The institutionalisation of large environmental groups has also seen an increase in the number of industry executives joining environmental groups at the top level. For example, in 2004 WWF-Australia appointed Greg Bourne as their CEO. Bourne’s previous career had been with oil company, BP, including as Regional President of BP Australasia including two years as policy adviser to Margaret Thatcher. Bourne had defended BP's "plans to drill for oil in the Arctic National Wildlife Refuge".
Mike Russill was president and CEO of WWF Canada (2004-2008) after a career that included "thirty-years in the private energy sector, with Shell Canada Inc., Petro-Canada Inc." and as Vice-President of Suncor Inc. He also served as a board director of Nature Conservancy of Canada, Pioneer Petroleum Limited, UPI Petroleum.
Few things make a corporate executive or lawyer look greener than a seat on the board of an environmental organization. A 1990 survey of seven mainstream environmental boards conducted by the Multnational Monitor found 67 individuals who also served as chair, CEO, president, consultant or director of 92 major coporations.
The National Wildlife Federation in the US "has invited corporate chieftains, including Dean Buntrock of Waste Management Inc., to join its board of directors. It's the favorite charity of John Denver and big oil companies, including Arco, Chevron and Mobil."
John Sawhill was a former deputy secretary of the Department of Energy in the Carter administration and a director at management consultants McKinsey before he became head of The Nature Conservancy (TNC) in 1990. He subsequently returned to be a director of McKinsey’s Washington DC office until his death in 2000.
Some environmental groups that depend on corporate funds are particularly amenable to the involvement of current corporate executives in their operations. On occasion corporations lend executives to The Nature Conservancy (TNC), for example, as in the case of Georgia Power which loaned Gordon Van Mol, from its External Affairs Department, to be a member of TNC’s development team for a year.
There is also a revolving door between environmental groups and government. For example William Reilly was head of the World Wildlife Fund (WWF) before being appointed to head the US EPA (1989-93). Afterwards he returned to the WWF for a short time, later becoming a director at oil company, ConocoPhillips and advisor to TPG Capital, an international investment firm.
In part a revolving door with government was the consequence of the way mainstream environmental groups became more institutionalised and involved in the maintenance of government policy systems. As early as the late 1970s key environmental leaders from the Environmental Defense Fund (EDF) and Natural Reousrces Defense Council (NRDC) were appointed to the Carter administration and state resource agencies.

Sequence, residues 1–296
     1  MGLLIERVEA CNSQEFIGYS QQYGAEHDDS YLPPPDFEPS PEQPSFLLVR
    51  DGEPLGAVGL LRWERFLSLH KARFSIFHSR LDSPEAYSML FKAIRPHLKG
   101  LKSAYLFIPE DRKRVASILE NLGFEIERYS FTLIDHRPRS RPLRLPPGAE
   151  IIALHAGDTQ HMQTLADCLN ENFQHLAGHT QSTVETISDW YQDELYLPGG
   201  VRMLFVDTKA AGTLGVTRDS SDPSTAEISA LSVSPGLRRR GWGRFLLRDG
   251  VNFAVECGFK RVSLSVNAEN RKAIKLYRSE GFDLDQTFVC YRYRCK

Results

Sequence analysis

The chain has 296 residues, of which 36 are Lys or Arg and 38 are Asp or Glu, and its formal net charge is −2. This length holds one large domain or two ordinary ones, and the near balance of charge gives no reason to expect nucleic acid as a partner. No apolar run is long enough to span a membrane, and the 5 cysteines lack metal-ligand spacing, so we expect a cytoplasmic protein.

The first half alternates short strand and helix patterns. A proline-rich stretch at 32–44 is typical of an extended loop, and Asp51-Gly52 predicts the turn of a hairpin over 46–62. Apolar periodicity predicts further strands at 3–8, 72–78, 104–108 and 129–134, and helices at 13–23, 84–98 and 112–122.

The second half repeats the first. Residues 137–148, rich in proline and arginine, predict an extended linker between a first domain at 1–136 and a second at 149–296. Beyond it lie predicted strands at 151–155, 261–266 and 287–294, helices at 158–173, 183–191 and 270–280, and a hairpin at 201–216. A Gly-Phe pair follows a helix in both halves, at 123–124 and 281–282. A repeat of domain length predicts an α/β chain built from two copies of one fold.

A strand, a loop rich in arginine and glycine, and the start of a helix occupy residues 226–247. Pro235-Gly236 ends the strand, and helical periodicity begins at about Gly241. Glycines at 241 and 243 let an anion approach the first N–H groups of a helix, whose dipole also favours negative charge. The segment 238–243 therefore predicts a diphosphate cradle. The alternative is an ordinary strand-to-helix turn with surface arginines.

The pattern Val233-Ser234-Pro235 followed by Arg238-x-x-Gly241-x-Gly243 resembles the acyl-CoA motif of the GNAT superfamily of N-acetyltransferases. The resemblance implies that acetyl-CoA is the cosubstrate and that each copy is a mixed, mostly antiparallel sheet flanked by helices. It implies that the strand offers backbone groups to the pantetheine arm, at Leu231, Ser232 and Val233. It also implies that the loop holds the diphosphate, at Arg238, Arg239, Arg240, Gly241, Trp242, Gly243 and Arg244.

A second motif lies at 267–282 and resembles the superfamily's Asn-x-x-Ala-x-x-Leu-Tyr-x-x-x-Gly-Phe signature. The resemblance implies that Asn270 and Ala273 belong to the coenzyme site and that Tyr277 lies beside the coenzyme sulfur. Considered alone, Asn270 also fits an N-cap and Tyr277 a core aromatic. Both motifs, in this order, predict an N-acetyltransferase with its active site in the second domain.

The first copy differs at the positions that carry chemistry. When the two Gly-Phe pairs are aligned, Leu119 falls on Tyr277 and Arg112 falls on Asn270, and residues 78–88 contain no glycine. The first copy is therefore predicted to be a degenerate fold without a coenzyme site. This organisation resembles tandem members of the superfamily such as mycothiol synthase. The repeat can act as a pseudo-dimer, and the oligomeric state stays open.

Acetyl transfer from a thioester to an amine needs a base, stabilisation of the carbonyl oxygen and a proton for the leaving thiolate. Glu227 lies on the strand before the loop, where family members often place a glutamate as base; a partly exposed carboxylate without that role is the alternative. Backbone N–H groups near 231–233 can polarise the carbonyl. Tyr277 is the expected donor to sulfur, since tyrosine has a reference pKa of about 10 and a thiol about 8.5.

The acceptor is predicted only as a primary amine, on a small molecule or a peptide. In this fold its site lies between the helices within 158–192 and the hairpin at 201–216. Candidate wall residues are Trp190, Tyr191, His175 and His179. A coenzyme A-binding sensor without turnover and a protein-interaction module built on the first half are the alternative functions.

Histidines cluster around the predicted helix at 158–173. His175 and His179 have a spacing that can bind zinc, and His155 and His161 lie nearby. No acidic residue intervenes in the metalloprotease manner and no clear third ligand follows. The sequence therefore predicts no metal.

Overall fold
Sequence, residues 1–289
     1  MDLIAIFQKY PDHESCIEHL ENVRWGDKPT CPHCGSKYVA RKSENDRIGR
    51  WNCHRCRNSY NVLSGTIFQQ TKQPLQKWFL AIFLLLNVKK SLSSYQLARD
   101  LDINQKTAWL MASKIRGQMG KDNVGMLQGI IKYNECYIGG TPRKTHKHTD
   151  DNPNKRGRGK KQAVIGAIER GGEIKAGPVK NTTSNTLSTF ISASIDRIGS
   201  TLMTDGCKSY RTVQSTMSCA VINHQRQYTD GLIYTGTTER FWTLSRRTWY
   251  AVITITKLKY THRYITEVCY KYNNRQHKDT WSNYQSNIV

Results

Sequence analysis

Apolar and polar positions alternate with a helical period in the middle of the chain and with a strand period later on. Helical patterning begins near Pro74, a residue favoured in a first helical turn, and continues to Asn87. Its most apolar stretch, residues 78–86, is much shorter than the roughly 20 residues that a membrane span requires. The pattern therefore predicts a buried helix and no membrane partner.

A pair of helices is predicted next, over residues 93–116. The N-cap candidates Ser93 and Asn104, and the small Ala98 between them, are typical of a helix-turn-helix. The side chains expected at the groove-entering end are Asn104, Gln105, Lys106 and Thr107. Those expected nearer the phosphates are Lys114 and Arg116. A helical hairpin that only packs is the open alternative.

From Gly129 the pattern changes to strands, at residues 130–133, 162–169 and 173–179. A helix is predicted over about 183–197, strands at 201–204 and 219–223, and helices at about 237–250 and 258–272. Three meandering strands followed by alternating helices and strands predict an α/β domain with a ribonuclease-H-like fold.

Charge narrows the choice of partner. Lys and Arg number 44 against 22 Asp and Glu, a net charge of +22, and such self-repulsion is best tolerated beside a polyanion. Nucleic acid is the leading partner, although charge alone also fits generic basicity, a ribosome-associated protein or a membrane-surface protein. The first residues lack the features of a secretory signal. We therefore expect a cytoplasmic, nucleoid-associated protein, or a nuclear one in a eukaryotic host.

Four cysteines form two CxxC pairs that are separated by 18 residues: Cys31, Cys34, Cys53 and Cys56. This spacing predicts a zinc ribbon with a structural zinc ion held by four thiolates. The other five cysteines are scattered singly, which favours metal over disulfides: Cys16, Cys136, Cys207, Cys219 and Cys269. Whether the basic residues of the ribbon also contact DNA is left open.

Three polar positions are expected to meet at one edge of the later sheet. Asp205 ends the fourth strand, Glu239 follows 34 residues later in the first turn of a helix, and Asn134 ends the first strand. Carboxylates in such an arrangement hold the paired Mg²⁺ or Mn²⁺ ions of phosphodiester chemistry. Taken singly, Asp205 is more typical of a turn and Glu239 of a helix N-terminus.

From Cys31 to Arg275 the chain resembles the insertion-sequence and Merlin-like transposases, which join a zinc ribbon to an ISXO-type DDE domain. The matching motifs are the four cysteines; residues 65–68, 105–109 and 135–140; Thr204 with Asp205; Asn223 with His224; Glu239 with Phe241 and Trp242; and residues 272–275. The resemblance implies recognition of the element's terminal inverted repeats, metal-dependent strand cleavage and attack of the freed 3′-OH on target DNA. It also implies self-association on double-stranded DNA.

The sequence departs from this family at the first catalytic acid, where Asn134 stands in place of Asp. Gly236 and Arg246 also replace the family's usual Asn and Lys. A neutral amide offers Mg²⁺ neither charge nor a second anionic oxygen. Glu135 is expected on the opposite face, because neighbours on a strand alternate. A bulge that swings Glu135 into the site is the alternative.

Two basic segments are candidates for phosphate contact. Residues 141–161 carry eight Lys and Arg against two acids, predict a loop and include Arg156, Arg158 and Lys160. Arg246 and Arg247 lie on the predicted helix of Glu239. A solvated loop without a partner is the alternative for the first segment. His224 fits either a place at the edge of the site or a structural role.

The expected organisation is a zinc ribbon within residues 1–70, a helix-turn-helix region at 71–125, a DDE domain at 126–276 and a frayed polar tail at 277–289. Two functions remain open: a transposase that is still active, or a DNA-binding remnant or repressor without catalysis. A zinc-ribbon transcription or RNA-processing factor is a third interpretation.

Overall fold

One of the founders of the NRDC was John Bryson (pictured with the president), who later became head of the California Public Utilities Commission (CPUC) and then CEO of Edison International. He was also "founder and cochair of the Pacific Council on International Policy, founded in 1995 in partnership with the Council on Foreign Relations, the promotional arm of the ruling elite in the U.S" and most recently US Secretary of Commerce 2011-12, a nomination endorsed by the Chamber of Commerce.
The NRDC still operates a revolving door with government policy makers:
...it would be hard to find a group with more connections in state or federal agencies than NRDC, and staffers move frequently between the organization and the public sector.
NRDC alums include U.S. EPA acting Assistant Administrator for Water Nancy Stoner; Michael Goo, now in a senior policy post at the Energy Department after stints in EPA's policyoffice and on Capitol Hill; and Mary Nichols, who heads the California Air Resources Board. There are numerous others.
In Australia Phillip Toyne was director of the Australian Conservation Foundation (ACF) from 1986 to 1992 and then employed by the federal environment minister in 1994. Peter Garrett (pictured), lead singer for Midnight Oil, was president of ACF before becoming an ALP member of parliament and then environment minister.